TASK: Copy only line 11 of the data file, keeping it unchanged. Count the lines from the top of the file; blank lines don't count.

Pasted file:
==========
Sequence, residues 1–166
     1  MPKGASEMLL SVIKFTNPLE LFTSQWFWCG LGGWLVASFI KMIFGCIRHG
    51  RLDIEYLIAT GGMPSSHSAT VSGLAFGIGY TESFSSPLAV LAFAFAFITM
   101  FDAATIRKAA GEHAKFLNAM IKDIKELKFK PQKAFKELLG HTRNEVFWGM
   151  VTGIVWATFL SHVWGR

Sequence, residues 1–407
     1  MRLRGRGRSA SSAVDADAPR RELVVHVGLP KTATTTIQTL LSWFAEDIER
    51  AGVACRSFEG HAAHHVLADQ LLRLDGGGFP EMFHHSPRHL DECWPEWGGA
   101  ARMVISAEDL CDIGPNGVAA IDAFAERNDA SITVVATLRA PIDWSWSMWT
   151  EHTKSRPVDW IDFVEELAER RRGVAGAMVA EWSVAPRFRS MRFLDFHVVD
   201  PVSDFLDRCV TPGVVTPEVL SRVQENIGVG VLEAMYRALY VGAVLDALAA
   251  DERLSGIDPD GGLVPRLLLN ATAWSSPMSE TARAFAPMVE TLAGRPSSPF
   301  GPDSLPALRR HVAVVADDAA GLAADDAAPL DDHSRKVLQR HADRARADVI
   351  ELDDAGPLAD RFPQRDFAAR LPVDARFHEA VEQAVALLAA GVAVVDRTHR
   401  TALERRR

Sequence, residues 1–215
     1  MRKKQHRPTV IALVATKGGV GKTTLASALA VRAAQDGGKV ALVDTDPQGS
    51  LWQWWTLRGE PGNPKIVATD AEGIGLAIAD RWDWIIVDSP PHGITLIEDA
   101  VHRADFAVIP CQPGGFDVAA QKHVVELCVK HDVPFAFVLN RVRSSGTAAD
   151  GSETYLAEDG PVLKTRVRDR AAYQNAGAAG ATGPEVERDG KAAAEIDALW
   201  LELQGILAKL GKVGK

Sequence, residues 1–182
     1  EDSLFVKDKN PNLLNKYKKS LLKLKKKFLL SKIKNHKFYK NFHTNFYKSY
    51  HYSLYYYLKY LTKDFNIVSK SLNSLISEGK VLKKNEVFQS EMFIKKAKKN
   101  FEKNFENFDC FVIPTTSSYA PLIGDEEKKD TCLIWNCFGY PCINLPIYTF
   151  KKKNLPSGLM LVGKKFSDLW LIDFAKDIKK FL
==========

   201  PVSDFLDRCV TPGVVTPEVL SRVQENIGVG VLEAMYRALY VGAVLDALAA